We all climbed back into a tiny taxi and headed back to the hotel. Marissa needed to find an ATM so I went on a walk with her. We stopped at a paper store first and she bought some cards before we went in our search of an ATM. We walked down several blocks until I spotted one. Unfortunately, after Marissa swiped her card and put in her information, she didn't receive her money.
     So we had to go up to the bank and ask. They told us it did not work and we should try again. Instead, we kept walking, looking for another one. We came to an intersection and Marissa grabbed my hand, said ''let's be Nepali' and started walking into the midst of the traffic.
     I wasn't scared, it was actually really fun to be out with just Marissa and have freedom from the whole group. I exchanged $15 for the hospital visit. We finally found an ATM and Marissa got her money. On our walk back through the intersection we were 'Nepali' again. We followed a Nepali man and his actions. When he stopped, we stopped. When he moved, we moved.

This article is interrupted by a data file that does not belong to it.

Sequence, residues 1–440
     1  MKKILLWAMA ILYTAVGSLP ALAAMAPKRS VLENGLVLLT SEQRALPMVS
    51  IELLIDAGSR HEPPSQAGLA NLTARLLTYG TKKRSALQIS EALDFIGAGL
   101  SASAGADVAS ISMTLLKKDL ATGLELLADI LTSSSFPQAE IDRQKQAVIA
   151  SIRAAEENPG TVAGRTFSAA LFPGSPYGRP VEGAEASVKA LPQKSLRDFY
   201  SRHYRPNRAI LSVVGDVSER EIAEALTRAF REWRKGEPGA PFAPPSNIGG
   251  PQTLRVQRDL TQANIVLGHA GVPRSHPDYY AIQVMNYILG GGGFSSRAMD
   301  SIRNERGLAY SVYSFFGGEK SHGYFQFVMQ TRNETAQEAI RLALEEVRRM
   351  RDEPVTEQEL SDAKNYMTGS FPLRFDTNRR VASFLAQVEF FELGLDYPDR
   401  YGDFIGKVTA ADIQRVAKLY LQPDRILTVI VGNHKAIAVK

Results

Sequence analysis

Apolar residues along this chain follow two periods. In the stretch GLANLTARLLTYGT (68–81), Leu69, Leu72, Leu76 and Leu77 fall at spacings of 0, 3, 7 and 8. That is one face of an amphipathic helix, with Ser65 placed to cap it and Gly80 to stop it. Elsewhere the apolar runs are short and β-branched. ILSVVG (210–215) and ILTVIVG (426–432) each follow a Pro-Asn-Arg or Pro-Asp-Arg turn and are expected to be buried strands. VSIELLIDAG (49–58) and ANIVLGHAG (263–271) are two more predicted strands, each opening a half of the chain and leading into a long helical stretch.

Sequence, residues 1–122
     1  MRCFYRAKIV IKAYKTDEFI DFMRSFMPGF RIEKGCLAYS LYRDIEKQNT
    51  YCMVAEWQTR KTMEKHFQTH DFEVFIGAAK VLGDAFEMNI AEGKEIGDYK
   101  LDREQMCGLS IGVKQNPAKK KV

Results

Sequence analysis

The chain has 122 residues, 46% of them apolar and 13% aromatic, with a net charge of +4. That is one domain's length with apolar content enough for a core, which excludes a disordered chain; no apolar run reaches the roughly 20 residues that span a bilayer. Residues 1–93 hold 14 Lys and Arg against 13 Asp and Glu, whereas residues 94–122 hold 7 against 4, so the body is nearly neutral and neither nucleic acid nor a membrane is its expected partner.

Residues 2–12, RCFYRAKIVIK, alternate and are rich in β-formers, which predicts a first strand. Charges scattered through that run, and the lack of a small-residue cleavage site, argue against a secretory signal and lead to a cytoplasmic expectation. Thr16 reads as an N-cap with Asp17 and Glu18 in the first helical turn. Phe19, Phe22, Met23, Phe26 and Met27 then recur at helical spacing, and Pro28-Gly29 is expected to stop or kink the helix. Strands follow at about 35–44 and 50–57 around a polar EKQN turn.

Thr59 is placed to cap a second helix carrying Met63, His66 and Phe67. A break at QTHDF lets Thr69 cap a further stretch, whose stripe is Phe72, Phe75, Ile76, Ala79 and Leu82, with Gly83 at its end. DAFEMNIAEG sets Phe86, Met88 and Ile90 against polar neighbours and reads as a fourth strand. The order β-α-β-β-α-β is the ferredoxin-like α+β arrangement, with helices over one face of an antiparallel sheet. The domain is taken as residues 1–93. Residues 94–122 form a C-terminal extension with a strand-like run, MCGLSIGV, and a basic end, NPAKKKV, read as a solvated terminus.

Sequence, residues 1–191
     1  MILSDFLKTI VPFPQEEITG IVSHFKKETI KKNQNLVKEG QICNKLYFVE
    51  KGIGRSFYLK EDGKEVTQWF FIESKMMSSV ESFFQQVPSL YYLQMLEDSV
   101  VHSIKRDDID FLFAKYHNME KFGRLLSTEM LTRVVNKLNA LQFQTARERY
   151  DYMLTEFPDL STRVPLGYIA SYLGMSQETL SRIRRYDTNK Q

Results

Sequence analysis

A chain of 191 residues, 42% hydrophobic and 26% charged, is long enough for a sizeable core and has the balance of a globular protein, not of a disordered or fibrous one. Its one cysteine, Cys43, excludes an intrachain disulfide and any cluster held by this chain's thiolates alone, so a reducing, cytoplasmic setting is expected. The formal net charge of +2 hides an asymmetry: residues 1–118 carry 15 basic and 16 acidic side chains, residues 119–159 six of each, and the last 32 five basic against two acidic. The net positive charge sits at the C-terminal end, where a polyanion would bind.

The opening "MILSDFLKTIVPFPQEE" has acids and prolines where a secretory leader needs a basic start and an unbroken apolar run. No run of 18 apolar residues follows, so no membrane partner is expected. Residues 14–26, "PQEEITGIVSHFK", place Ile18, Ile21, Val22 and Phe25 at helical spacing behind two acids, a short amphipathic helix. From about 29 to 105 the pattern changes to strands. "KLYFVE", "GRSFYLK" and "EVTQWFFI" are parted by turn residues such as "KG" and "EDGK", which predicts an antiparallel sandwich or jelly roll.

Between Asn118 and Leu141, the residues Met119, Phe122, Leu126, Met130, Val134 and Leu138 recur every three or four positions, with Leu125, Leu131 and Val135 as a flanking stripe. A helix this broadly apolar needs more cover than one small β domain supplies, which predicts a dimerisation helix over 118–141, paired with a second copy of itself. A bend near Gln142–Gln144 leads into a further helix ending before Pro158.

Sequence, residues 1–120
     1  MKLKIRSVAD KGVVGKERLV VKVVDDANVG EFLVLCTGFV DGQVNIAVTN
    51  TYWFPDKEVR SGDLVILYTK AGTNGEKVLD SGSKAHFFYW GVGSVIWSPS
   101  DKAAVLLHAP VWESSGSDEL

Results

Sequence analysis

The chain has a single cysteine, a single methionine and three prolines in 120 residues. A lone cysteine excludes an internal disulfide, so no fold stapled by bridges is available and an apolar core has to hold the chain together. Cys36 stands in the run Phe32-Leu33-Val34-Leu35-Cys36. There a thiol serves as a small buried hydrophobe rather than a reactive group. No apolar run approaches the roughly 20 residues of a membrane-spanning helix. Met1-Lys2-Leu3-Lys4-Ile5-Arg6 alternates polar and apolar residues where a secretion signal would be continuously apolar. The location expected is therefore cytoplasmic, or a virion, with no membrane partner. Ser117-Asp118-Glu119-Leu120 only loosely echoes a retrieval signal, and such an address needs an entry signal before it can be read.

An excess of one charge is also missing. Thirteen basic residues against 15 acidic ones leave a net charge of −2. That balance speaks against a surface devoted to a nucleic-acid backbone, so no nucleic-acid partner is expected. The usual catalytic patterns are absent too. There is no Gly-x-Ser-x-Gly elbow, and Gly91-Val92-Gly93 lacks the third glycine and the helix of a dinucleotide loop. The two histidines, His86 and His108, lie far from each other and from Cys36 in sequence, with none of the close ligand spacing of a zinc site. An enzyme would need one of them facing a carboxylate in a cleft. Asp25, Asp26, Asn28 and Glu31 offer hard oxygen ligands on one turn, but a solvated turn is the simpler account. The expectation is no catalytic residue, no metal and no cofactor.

Once we were back at the hotel, we stayed in Marissa's room to rest. She got rid of things, to leave here in Nepal. I read and napped.
     At one o'clock, we headed back out to go to the doctor again. The taxi ride was again slightly scary. Once we arrived, Deepak led us right back to the same room as before. I paid 1,535 rupees (a little more than $15) and then waited for the doctor. While we were waiting, Marissa and I almost fell asleep. It is strange how we are getting more sleep here, yet we are even more tired. 
     The doctor came in, diagnosed me with impetigo and prescribed a medicine, a cream to rub on my face. He also suggested an antibiotic if the cream didn't work. It was a relief to know what it is and how to help it heal.
     Deepak led us to a counter, where tons of medicines were stocked. I suppose it is the pharmacy. My cream cost 120 rupees, less than two dollars. Cheapest medicine I think I will ever buy.